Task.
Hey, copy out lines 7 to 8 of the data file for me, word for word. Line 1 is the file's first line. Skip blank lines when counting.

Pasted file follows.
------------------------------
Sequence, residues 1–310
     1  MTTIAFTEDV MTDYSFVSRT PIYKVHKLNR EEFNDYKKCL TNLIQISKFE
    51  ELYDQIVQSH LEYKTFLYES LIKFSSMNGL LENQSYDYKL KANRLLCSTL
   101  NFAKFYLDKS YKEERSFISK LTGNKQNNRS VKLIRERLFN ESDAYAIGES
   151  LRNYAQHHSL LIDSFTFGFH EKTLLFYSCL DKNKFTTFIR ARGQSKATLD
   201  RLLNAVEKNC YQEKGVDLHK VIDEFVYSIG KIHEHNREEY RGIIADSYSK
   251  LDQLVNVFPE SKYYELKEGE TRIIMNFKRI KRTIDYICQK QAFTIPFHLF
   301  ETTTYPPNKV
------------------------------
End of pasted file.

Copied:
   251  LDQLVNVFPE SKYYELKEGE TRIIMNFKRI KRTIDYICQK QAFTIPFHLF
   301  ETTTYPPNKV